Integration By Parts

Summary: Each crew of the starship Irrational Integral traces their mental lineage to a single person, a victim of a cult leader. In their mentor's memory, they travel the known worlds, investigating fringe theories and claims of the supernatural. They are ambushed by someone who knows them better than they know themselves.

Notes: This takes place in the Known Worlds from "Voices from the Void" campaign from the "Sword of Nerdom" actual play podcast.

We are more than the sum of our parts. Our memories and upbringing bring us together, but more than our vessel binds us. Knowing your crewmates and yourself are one and the same aboard the Irrational Integral. Regular listeners will know the reason, but allow me to describe it to new listeners. You may be aware of the psychologist Daniel Denton, a polymathic professor from Terminas Technical University, and his untimely death at the hands of the cult leader he'd exposed. Denton's exocortex and brain were partially intact, and as per his will, transferred into a host of synthetic and cloned bodies with varying experimental conditions. His untimely death spurred our first generation. As such, we are more than the sum of our parts.

We are a family of mind, beyond mere genetics. Since that time, our kin have filled a variety of professions, jobs, and roles across the Known Worlds, from the homeworld to Selgina to deep in the Rimward Autonomus Sector. You may know a few of them: Ironheart Armory's famed gunsmith Emilia Ghisoni, and her Thunder's Judgment hunting revolvers; the android experimental archeologist and urban explorer, Dr. Jonas Henry; the cyborg scientist-adventurer Dr. Jakob Vesalio, and the fascinating conversations between his organic and artificial sub-personalities; the art historian and counterfeit artifact investigator, Devi Chatterjee; Dr. David Ritter and his collection of still-living brains and restored memories from antiquity; the Hwarang-based synthetic rights activist Kumiho-8; the Maliki-based industrial designer and stellar mystic Jezail; the Amaranthi technomancer and restorer of the beamrider network, Captain Dinesh Brown; and many others. We come in many forms, but our minds stemmed from the same source.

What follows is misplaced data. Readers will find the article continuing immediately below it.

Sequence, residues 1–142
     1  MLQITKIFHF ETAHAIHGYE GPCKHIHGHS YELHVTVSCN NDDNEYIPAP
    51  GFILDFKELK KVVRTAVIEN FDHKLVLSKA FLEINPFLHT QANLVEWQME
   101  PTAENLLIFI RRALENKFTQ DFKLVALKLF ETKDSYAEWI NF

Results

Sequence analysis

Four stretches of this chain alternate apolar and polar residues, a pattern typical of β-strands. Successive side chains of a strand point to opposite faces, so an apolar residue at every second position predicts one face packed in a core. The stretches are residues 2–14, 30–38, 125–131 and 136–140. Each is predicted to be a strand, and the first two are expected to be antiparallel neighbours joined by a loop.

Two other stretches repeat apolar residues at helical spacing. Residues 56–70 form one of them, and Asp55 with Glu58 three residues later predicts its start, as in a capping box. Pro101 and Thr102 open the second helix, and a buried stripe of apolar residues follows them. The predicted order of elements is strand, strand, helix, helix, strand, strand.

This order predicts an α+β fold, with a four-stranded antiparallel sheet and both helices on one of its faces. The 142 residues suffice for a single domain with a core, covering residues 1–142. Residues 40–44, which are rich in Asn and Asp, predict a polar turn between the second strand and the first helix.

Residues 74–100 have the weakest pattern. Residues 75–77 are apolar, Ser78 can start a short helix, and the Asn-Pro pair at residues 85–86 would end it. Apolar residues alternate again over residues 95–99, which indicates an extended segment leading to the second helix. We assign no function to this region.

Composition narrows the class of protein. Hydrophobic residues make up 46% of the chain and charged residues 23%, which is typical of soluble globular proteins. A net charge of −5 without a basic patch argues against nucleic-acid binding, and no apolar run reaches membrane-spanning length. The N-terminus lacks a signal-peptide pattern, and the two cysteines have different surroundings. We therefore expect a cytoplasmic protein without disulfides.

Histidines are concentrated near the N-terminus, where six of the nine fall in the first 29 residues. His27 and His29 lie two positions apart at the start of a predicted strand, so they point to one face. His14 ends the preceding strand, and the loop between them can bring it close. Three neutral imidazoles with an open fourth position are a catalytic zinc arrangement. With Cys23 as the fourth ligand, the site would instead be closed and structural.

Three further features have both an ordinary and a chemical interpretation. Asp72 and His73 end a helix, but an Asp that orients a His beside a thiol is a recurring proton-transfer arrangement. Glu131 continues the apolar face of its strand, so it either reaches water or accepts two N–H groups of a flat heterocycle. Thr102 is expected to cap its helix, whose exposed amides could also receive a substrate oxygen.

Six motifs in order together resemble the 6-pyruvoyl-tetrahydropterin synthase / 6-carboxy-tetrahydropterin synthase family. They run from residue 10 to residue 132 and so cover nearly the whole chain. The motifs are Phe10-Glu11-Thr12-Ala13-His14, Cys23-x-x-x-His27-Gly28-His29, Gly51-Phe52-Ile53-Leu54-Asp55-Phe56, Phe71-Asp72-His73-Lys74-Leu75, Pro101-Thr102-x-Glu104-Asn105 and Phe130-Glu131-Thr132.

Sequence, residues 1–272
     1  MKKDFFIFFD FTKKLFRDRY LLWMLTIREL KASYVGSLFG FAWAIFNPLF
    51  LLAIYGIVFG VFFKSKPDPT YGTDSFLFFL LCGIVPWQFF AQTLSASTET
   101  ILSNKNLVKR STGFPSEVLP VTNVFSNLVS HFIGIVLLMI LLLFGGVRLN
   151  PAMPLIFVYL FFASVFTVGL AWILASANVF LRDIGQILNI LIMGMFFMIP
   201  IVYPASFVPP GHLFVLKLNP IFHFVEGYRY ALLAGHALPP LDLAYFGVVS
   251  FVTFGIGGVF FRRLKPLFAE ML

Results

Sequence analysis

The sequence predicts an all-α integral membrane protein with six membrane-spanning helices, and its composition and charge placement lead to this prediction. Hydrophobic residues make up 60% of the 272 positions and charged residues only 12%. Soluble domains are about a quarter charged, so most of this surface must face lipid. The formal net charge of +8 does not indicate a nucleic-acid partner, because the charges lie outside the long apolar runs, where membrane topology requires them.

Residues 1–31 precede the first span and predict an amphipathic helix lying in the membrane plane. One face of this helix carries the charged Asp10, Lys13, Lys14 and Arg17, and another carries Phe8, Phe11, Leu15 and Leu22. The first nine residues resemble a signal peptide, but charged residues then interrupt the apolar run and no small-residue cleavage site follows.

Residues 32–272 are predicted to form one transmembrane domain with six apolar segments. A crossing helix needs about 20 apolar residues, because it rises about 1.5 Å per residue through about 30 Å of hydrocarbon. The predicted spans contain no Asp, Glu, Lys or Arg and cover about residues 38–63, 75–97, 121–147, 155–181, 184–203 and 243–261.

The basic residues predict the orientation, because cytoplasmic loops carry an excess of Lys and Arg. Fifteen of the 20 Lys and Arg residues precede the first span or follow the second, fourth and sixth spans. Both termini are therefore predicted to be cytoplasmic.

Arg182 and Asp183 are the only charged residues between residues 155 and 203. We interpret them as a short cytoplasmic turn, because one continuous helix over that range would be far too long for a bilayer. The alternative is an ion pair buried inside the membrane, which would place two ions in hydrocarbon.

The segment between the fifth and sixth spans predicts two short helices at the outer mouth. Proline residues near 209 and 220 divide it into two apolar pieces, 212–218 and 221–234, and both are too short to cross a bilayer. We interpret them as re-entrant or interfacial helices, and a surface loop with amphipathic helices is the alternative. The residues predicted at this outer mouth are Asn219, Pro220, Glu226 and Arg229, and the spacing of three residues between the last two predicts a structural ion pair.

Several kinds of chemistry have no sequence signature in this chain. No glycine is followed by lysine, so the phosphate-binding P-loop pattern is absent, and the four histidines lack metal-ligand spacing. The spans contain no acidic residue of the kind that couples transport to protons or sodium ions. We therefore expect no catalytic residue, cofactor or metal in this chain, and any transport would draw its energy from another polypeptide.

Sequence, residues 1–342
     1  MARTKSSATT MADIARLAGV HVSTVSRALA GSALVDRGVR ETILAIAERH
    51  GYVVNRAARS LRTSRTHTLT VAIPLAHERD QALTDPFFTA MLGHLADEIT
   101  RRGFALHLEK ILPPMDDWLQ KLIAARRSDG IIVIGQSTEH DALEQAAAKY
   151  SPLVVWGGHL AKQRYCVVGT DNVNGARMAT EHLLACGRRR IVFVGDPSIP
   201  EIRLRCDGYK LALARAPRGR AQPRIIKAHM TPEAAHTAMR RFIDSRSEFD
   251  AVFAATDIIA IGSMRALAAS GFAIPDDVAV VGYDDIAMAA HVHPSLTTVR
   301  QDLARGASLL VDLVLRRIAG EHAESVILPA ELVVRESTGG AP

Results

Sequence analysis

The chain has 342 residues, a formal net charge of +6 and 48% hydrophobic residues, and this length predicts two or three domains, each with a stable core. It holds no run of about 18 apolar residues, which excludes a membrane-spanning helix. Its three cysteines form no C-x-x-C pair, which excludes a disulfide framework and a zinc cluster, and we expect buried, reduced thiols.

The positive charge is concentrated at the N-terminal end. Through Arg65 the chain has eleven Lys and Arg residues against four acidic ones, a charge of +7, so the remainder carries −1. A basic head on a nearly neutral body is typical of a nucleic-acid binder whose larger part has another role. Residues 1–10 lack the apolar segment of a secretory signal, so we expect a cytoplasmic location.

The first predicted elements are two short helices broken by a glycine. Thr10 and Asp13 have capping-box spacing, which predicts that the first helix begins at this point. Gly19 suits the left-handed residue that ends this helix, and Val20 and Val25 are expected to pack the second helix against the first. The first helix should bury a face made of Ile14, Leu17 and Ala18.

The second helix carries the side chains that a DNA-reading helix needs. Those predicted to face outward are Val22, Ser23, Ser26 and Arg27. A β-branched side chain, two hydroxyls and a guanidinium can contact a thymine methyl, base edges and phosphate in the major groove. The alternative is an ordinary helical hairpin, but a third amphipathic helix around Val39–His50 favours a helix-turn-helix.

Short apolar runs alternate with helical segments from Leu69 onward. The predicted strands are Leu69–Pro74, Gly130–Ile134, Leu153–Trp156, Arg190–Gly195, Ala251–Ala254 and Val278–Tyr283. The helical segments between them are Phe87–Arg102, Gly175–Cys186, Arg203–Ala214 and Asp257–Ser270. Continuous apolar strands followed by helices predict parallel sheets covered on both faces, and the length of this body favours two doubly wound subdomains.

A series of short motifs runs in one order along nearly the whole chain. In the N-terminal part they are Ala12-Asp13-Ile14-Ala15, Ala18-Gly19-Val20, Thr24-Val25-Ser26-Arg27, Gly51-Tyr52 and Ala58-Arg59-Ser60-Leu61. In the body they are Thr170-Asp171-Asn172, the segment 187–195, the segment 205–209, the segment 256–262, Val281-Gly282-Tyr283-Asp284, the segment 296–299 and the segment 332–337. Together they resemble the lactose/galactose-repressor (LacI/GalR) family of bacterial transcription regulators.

Of the innumerable incarnations, we consider ourselves Denton's truest heirs. We continue our forebear's mission to investigate the strange, debunking rumors, false histories, and fringe theories. Our forerunner took inspiration from urban legends from his home city of Terminas, who battled deranged demigods and the fools that followed them. We see ourselves as indirect heirs to those Cult Crushers, taking their fight across the universe. While the exact difference between magic and technology is still a subject of academic debate, there are no shortage of frauds claiming to use each. The point of our voidcast, Integration By Parts, is to find extraordinary evidence to back extraordinary claims.

I suppose an urge to explore runs in the family. You might've seen some of Dr. Henry's own documentaries, where he explores booby-trapped tombs on Sjora, dead habitats, and abandoned space colonies. His calm, analytic demeanor is one that I strive to emulate, but I think I'm sometimes a bit too impulsive for that. Once I get excited, it's hard to suppress my thick Terminas draw. As a veteran pilot of the New Amaranthi Navy's Spirelight Squadron, fast speech was drilled into us. I may not be as erudite as others in the family, or even my crew, but I hope I get my point across.

The incident you might've heard about across the newsfeeds, from major network to Rapscallion News Network, started when our science officer picked up a peculiar signal. Ikto-8-Legs was a sentient robotic organism resembling a mechanical spider as tall as a toddler, with a disk-like device perched above their head. Back when they were biological, they were an ecologist working for the Brightwalker temple on Cornucopia, designing biomimetic machines. Due to a mortal injury, the spider-bot became their new body, and a flying scout-bot Spot, their persistent companion. The disk-like drone floated above their head. It buzzed around the ship on its plasma thrusters, undoubtedly excited by something returned by sensor scans. The whole robotic chassis was inspired by an arachnid-analog from Cornucopia, a small ambush predator which deployed a flying symbiote to scout for prey and hiding spots.